Brian Lavoie and Lorcan Dempsey, Beyond 1923: Characteristics of Potentially In-copyright Print Books in Library Collections, D-Lib Magazine, November/December 2009, tries to give some tentative answers about the shape of the elephant. From the introduction:
The analysis that follows examines the characteristics of US-published print books, with an emphasis on books that are likely in copyright according to US copyright law. As with our earlier article, the analysis is based on data from the WorldCat database, which represents the aggregated collections of more than 70,000 libraries worldwide. The analysis focuses on three areas: the WorldCat aggregate collection of US-published print books; the subset of this collection published during or after 1923 - i.e., those potentially associated with copyright and/or orphan works issues; and the combined print book collection of three academic research library participants in Google Books - again, with an emphasis on materials that are potentially in copyright.
Lots of detailed tables on dates, authors, genres, audience level follow. From the conclusion:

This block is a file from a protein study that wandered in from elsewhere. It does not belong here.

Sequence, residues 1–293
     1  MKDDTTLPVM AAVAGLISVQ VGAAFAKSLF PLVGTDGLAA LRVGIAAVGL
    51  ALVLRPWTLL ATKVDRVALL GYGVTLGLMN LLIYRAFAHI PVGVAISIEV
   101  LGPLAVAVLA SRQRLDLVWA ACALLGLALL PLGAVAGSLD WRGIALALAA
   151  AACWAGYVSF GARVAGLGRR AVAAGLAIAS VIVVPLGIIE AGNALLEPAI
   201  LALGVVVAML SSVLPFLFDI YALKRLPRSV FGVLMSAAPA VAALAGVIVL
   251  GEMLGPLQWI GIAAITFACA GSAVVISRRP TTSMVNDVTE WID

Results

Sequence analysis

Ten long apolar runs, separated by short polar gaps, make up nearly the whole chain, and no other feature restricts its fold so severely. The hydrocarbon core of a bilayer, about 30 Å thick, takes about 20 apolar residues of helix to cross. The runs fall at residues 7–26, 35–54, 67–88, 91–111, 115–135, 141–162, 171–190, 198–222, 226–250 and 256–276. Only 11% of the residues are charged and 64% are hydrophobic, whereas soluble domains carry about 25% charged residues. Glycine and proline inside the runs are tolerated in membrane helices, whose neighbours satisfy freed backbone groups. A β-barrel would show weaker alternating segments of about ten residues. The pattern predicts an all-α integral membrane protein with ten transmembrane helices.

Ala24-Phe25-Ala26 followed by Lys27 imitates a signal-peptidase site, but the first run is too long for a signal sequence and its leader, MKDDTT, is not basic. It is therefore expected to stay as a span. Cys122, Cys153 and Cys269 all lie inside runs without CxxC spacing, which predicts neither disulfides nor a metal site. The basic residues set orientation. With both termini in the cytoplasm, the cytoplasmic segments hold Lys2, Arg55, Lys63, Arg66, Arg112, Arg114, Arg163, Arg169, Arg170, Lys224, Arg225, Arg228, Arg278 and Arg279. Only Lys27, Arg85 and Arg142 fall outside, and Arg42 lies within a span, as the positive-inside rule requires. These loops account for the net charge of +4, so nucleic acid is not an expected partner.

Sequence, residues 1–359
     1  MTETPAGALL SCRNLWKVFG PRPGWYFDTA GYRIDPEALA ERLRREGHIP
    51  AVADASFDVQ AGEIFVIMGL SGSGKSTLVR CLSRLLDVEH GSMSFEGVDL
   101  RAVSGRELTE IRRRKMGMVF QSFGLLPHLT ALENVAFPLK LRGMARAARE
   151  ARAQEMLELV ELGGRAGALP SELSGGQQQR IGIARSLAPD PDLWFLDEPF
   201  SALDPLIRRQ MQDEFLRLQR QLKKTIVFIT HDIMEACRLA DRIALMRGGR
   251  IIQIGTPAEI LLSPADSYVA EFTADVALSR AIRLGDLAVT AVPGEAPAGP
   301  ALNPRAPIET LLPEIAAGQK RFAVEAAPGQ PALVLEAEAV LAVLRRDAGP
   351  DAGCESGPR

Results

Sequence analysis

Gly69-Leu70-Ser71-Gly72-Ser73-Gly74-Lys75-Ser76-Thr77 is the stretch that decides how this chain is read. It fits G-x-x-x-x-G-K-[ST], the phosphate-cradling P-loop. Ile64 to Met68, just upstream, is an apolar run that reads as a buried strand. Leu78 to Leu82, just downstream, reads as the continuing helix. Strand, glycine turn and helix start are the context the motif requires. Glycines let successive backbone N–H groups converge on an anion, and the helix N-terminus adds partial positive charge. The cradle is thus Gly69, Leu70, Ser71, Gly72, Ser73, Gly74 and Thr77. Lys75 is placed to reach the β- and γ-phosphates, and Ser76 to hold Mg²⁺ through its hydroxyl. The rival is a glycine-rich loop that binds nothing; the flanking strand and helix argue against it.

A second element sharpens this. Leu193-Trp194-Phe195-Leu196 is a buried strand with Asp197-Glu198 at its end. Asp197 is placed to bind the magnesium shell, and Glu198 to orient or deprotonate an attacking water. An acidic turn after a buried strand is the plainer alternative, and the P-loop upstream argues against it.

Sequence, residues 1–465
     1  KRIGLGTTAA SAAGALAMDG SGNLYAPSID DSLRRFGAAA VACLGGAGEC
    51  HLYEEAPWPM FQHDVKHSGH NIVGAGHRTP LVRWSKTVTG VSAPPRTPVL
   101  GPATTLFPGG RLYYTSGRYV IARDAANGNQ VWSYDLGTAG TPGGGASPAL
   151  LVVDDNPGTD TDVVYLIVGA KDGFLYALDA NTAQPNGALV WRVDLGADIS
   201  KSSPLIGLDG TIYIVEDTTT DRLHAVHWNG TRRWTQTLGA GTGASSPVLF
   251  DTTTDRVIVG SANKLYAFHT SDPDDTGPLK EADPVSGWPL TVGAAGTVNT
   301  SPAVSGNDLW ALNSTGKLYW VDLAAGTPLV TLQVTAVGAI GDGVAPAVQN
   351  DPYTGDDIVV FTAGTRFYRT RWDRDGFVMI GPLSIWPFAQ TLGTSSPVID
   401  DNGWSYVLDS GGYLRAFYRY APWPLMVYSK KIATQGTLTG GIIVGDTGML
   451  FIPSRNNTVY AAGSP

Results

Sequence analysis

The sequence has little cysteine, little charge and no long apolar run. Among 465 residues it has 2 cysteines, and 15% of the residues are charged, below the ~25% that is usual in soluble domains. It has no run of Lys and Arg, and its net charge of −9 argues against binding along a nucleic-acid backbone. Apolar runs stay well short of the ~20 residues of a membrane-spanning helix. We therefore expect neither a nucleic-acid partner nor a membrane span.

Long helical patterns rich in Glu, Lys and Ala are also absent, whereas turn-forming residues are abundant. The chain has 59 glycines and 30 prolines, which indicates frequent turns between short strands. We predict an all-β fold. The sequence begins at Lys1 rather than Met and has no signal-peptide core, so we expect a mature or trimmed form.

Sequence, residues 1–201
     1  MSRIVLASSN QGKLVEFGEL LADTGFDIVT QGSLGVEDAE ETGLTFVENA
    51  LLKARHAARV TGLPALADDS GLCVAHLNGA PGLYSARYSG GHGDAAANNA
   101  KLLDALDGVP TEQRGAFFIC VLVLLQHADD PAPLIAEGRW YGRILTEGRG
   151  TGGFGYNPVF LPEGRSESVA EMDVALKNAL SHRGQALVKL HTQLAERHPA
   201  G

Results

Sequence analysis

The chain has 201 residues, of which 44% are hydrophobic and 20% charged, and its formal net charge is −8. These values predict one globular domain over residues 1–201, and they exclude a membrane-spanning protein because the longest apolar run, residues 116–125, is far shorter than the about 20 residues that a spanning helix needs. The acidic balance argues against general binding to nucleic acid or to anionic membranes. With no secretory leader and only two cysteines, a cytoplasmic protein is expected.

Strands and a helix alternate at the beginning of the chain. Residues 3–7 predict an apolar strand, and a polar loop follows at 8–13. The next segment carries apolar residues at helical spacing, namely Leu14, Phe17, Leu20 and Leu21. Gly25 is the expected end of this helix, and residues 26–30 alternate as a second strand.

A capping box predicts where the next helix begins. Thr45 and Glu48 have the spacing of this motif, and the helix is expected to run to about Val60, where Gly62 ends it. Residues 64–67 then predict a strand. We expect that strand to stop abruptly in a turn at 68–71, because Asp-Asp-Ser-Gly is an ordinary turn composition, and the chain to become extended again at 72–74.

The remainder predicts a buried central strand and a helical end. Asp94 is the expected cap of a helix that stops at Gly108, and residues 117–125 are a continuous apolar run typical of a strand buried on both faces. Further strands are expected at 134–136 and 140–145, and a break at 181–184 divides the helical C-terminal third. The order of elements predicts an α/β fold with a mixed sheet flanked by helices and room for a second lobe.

This article characterizes the aggregate collection of US-published print books in WorldCat, with a special emphasis on materials published during or after 1923, and therefore either potentially or definitely in copyright. Findings from the analysis indicate that the collection of US-published print books in WorldCat is quite large, encompassing about 15.5 million print books. Nearly two-thirds of these - those published after 1963 - have a high likelihood of being in copyright; less than 15 percent - those published prior to 1923 - are almost certainly in the public domain, with the rest - those published between 1923 and 1963 - potentially in copyright if copyright was renewed. The post-1923 materials collectively account for more than 80 percent, or about 12.6 million, of the US-published print books in WorldCat. It is difficult to predict how many of these print books might be orphan works, but even a small fraction would, in terms of absolute numbers, be considerable, and require a substantial effort to investigate and clear copyright. One study, based on an examination of a random sample of books, estimates a cost of approximately $200 for each title for which digitization and access permissions were obtained.